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UK regulatory regime 'hinders innovation' in law firms

SRA is failing to clarify its expectations under OFR, says Law Society  

4 September 2013

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By Manju Manglani, Editor (@ManjuManglani)

Innovation in UK law firms is being held back by an expensive and bureaucratic regulatory regime, the Law Society has said.

In its response to the Ministry of Justice’s review of legal services regulation, the Law Society criticised the structure governing the regulation of the profession as ‘complex’, ‘opaque’ ‘burdensome’ and lacking in ‘accountability’.

It added that the current regulatory regime hinders innovation in the legal profession because of a lack of clarity as to the Solicitors Regulation Authority’s expectations of law firms under outcomes-focused regulation.

This problem is compounded by the SRA’s increasing usage of a ‘one-size-fits-all’ approach to regulation, the Law Society said.

“The burden of regulation is too high and we want to see it reduced,” it said.

The Law Society highlighted four problems with the current regulatory regime.

First, it said that neither the Legal Services Board nor the Law Society are effectively able to monitor, manage or control the Solicitors Regulation Authority’s performance.

Second, it said that “regulation is too detached from the profession” and does not focus on addressing market challenges. “Much current regulatory activity is duplicated elsewhere or is irrelevant,” it said, adding that the SRA often attempts a ‘one-size-fits-all’ approach to regulation that leads to “significant burdens and bureaucracy” for law firms.

Third, it said that the high costs of maintaining the regulatory system, which is underwritten by law firms who have no say in how their funds are used, hinders innovation in the legal profession.

Fourth, it said that the current regulatory arrangements are “perceived internationally to compromise the independence of the profession”, affecting the nation’s attractiveness and competitiveness as a centre for legal services.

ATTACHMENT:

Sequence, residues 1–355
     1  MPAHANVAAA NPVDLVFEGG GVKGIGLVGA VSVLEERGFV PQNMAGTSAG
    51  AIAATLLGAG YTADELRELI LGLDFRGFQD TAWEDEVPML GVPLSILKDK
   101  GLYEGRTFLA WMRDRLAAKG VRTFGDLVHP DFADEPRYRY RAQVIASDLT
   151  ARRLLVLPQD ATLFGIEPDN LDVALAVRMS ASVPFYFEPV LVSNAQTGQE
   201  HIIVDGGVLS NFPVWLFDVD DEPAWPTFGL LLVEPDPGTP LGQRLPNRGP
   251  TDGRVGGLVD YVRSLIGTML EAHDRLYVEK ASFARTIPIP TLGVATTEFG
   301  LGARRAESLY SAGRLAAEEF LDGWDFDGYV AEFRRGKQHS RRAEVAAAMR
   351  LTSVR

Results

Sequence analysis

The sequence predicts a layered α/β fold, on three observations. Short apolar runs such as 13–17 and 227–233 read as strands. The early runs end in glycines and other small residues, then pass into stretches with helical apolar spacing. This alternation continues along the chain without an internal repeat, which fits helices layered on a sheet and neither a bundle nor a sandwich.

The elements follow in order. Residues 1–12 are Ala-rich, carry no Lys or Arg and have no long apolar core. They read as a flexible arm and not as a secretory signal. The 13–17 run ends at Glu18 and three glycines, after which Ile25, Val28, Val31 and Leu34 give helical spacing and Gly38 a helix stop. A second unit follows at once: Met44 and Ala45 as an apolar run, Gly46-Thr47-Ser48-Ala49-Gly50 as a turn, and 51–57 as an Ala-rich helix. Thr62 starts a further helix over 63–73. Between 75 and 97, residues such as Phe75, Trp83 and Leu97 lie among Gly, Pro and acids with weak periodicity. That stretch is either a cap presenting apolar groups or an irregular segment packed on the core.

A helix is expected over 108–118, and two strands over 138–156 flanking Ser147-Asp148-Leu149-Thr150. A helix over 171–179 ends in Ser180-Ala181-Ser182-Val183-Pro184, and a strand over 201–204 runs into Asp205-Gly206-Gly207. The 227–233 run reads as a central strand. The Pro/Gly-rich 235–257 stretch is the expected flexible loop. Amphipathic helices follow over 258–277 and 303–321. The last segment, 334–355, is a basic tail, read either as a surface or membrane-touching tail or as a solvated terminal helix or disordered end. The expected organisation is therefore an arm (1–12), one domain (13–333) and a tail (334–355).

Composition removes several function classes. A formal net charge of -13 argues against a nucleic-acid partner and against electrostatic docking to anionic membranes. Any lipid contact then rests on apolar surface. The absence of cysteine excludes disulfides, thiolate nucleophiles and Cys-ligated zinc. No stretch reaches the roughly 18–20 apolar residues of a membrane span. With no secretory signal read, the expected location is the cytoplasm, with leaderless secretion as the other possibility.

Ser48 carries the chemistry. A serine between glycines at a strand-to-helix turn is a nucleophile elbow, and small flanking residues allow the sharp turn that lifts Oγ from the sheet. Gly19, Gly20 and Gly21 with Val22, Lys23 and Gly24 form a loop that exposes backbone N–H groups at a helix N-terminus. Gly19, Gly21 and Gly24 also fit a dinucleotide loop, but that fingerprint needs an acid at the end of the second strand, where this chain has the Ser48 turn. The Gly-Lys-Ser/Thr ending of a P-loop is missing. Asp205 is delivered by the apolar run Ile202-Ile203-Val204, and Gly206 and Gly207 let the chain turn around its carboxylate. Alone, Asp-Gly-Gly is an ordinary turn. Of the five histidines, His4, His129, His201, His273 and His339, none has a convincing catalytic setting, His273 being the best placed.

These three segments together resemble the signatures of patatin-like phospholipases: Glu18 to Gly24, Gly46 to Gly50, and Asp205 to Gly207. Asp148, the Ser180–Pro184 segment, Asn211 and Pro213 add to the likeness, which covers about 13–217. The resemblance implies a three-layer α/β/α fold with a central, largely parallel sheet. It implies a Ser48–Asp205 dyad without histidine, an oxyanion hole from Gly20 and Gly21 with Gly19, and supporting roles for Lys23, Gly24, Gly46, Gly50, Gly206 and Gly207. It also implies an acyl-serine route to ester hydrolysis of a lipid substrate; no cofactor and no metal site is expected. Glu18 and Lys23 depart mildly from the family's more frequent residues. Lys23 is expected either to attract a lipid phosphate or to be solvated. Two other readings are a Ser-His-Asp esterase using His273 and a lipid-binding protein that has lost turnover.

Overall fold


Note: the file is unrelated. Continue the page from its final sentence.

“The SRA has no incentive to use or take notice of the expertise within the profession,” nor does it have an incentive to “take account of the impact of its work on the profession and, therefore, the costs of practice,” the Law Society said, adding that “the level of concern demonstrated by all sectors of the profession is worrying”.

In the SRA’s response to the call for evidence, it also noted that the current regulatory regime is “clumsy, complex, costly and obscure to consumers” and is “capable of significant improvement”.

“The difficulties caused by the over-prescription of regulatory requirements in primary legislation… are a direct driver of cost, a barrier to better regulation and tend to be a barrier to development and innovation by law firms,” it noted.

It said that change is needed to support the development of the legal services market and the “progressive innovation of providers aimed at delivering more consumer focused and competitive services”.

However, it also called for full operational independence from the Law Society, noting that the independence it currently enjoys had been “given grudgingly and constant vigilance is required”, backed up by the prospect of intervention by the LSB.

The SRA said the status quo required “complex and expensive governance arrangements” that consumed time and management attention and added delays.

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